Clemson associate professor closes book on doctoral research involving Maine’s north woods after 15 years
When news that President Barack Obama had named Maine’s Katahdin Woods and Waters National Monument as the newest national park site in late August, Elizabeth “Betty” Baldwin wasn’t surprised. She was happy to put a period at the end of a sentence she started writing 15 years ago. Baldwin began to examine environmental conflict related to Maine’s northern forest as a doctoral student at the University of Maine in 2001.
It would be more than 10 years after she received her Ph.D. before there would be some semblance of resolution to the debate that raged between those for and against a national park in Maine’s northern forest. Baldwin’s research wasn’t concerned with whether or not the areas around Maine’s Baxter State Park should be designated a national park; her research instead examined the conflict between both sides in an effort to expose what those sides valued.
“I thought it might happen this year because it was the end of a presidential term,” Baldwin said. “I lived and breathed both sides of this conflict for five years, so it’s good to see some resolution—any resolution—come from it, especially after I found that both sides were essentially fighting for the same thing from different angles.”
Clemson University was Baldwin’s career destination even before she attained her Ph.D. from the University of Maine. She joined Clemson’s parks, recreation and tourism management department one month before graduation, and even though she now calls Clemson home, she’s spent summers in Maine. She has family there. She even maintained contact with those directly involved with the debate she left behind in the summer of 2006, so developments in the story always made their way to her.
For Maine residents, the conflict has existed for so long it’s as much a part of the atmosphere as oxygen. Those in favor of a national park, such as Burt’s Bees co-founder and philanthropist Roxanne Quimby, sought to protect access to the north woods against development. A large portion of those against a national park hoped to keep government involvement at arm’s length and protect the area’s timber industry, but one of their top priorities was also protection for activities such as hunting and fishing.
“It quickly became clear to me that the argument was over the administrative outcome, not what would actually happen to the woods,” Baldwin said. “I went in with bias, but I came out understanding both sides and seeing that if both sides simply had more information, they might have reached a compromise faster.”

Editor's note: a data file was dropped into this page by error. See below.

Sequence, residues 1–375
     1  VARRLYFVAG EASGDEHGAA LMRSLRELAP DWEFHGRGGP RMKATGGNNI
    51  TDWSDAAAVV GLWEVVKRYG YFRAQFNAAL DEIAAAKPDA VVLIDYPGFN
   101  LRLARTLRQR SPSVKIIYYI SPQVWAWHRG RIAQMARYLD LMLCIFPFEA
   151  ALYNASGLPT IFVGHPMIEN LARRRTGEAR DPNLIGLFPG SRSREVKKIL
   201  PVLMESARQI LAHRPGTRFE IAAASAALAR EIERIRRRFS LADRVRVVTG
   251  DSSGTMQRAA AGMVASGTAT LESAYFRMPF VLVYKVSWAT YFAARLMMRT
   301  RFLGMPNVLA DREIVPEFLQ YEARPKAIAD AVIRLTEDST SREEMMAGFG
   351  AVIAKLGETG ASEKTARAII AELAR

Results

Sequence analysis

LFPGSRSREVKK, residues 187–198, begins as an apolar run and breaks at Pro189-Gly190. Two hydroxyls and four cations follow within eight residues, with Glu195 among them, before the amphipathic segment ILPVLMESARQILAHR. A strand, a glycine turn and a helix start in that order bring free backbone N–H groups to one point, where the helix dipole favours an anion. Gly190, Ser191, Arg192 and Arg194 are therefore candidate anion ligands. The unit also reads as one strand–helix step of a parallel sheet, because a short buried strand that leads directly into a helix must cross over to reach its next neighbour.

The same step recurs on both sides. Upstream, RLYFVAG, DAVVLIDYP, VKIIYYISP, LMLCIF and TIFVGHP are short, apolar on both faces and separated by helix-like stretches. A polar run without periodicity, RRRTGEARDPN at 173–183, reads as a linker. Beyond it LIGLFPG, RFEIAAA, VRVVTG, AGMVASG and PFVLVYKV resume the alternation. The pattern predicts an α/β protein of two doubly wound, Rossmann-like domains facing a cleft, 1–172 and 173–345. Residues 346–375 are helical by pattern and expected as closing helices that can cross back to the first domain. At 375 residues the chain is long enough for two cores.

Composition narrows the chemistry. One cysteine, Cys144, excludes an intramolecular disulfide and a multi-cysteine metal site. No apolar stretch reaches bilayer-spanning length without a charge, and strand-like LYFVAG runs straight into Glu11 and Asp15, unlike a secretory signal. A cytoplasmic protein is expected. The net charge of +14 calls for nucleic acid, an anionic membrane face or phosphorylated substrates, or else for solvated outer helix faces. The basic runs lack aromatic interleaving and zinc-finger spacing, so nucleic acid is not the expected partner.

Baldwin used qualitative research methods and interviewed over 20 individuals deemed “decision leaders” on both sides of the conflict. She started by talking to people who would force her to doubt her own bias on the conflict so that she could remain objective, a research tool in qualitative methods called reflexivity.
When a vocal proponent of a national park, such as a representative from Restore the North Woods, cautioned her against speaking to a certain individual who was against a national park, Baldwin made a point to find that person and interview them. According to Baldwin, her research was defined by talking to people that others hated in an effort to reveal information that could be separated from the person, and allow for the marketplace of ideas to drive findings and output.
According to Baldwin, Quimby realized she had become a lightning rod in the conflict and decided to remove herself from such an active role in pro-park activism in order to help the conflict cool. Baldwin was on a paddleboat on Moosehead Lake with Quimby and clearly remembers her remarking that after the sale of Burt’s Bees, she would be better off just buying land and hoping she could one day give it away in the name of a national park.
Quimby’s change of approach occurred just before Baldwin published her research findings in the Maine Policy Review, which graced the desks of law makers and legislators in Maine. Shortly thereafter, Baldwin departed for Clemson, where she would watch and wait for 10 years before the Katahdin Woods and Waters National Monument became a reality. Baldwin now views her research as a document of a national park’s incubation, a period that may never have been examined so thoroughly in any other national park.
“This conflict was not unlike what preceded the founding of the Great Smoky Mountains National Park or Grand Teton National Park; we just happen to have a better record of it from start to finish,” Baldwin said. “I hoped my research would help to de-escalate things and give people perspective, and maybe it helped in that regard.”